\node[legend={green!60!lime!60},anchor=west,xshift=1em,text width=1cm] at (yNode.east) {Some other text};
        \node[legend={green!60!lime!60},anchor=north,yshift=-1ex] at (yNode.south) {Yet another description};

    };  

    \draw<4->[-stealth,red](rNode.east)--(xNode.west);
    \draw<5->[-stealth,red](xNode.south)--(yNode.north);
    \path<6->[-stealth,red](yNode.west)edge[bend left](rNode.south);

\end{tikzpicture}
\end{frame}
\end{document}

The result:

enter image description here

Notice how in such a way you can access the standard anchors of the nodes you created to place arrows or descriptive text.

For completeness, if instead you have to make operations inside a single picture the best procedure is to refer to In a beamer slide highlight a region of an image with a rectangle overlay. That approach uses coordinates, but you can always use the anchors (perhaps with the help of the calc library).

An example:

\documentclass{beamer}
\usepackage[spanish]{babel}
\usepackage[T1]{fontenc}
\usepackage[utf8]{inputenc}
\usepackage{mwe} % for dummy images
\usepackage{tikz}
\usetikzlibrary{calc}
\tikzset{pt/.style={
  circle,
  draw=blue,
  fill=green!50!lime,
  inner sep=0mm,
  minimum size=3pt,
  }
}
\tikzset{legend/.style={
  rectangle,
  rounded corners,
  draw,
  top color=white,
  bottom color=#1,
  align=center,
  font=\footnotesize,
  }
}

\begin{document}
\begin{frame}
\begin{tikzpicture}[remember picture, overlay]
    \onslide<1->{   
        \node[inner sep=0pt](rNode) at (5.5,0){\includegraphics[scale=0.75]{example-image}};

        \foreach \anchor in 
        {north,south,east,west,center,north west,north east,
        south west, south east,center}{
        \node[pt] at (rNode.\anchor){};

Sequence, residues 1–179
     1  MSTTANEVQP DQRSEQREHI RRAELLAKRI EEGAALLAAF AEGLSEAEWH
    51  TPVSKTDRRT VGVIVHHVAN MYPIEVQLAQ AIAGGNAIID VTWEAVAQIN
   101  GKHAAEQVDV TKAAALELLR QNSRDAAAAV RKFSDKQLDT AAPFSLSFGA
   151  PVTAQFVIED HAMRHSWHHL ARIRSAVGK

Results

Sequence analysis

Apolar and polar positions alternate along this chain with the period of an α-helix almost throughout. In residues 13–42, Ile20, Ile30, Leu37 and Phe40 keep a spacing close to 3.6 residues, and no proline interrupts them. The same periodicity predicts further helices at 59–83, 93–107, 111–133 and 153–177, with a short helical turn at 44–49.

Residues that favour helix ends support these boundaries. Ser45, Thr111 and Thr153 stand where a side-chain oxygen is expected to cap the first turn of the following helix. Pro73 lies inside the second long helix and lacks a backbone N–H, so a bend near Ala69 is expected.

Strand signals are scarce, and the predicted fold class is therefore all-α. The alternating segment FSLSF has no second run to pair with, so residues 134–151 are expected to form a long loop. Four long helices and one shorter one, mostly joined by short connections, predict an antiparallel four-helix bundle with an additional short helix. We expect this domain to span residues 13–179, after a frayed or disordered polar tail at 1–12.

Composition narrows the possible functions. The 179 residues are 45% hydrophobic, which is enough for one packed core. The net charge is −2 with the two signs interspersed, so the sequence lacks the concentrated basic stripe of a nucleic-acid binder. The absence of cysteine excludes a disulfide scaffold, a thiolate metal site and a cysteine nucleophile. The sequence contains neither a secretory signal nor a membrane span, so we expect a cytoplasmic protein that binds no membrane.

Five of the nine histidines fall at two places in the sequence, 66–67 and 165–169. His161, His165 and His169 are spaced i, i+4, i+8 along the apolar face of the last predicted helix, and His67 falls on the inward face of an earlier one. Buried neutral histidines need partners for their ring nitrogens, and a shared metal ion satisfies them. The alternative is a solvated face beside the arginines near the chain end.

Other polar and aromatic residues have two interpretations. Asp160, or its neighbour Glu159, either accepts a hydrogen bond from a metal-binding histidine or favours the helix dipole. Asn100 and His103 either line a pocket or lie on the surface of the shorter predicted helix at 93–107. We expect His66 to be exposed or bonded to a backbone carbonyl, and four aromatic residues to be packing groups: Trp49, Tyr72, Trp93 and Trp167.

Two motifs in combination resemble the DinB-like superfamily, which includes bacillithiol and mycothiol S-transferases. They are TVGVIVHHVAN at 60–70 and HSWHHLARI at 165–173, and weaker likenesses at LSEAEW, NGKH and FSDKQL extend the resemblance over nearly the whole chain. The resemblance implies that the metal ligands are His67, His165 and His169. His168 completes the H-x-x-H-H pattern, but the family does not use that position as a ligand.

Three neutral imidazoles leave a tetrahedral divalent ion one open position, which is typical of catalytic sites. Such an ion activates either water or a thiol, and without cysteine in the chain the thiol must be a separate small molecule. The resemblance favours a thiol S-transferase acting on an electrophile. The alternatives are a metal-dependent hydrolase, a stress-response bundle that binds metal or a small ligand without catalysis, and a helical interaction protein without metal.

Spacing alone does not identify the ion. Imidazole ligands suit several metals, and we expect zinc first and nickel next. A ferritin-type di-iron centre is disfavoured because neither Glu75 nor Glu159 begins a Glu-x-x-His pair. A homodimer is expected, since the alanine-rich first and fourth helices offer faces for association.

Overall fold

}


    };
    \node<2->[legend={red},anchor=south west,yshift=1ex] (x) at ($(rNode.north)!0.5!(rNode.center)$) {Some description};
    \node<3->[legend={red},anchor=north east,yshift=-1ex,text width=1.75cm] 
     (y) at ($(rNode.south)!0.65!(rNode.center)$) {Some other description};

    \path<4->[-stealth,red, thick](y.west) edge[bend left, looseness=2](x.west);

\end{tikzpicture}
\end{frame}
\end{document}

The result:

enter image description here

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Thank you very much for your help Claudio! –  Ricardo Feb 7 '13 at 13:38
    
If the answer helped you, please consider to accept it. I would courteously suggest you for the future to upvote all answers you find useful, including those to others' questions and to check/accept the best answers to your own questions by clicking the green tick on the left-hand side of the answer. This will help the community. –  Claudio Fiandrino Feb 7 '13 at 13:50
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Your problem is the definition of your node, i.e. you do not define a rectangle node.

This code:

\draw []
    (-0.95,-2.75) rectangle (1.5,-4.00)
    node (rNode) {};

means:

  1. Draw a rectangle between (-0.95,-2.75) and (1.5,-4.00)
  2. Then draw an empty ({}) text node at (1.5,-4.00), named rNode

Your empty text node has a rectangular shape by default, with width and height equal to 2 x inner sep. So, when you write (rNode.south), Tikz draw at the right place :-)

You may better write your first rectangle like this:

\node[draw,minimum width=2.45cm,minimum height=1.25cm] (rNode) at (.275,-3.375) {};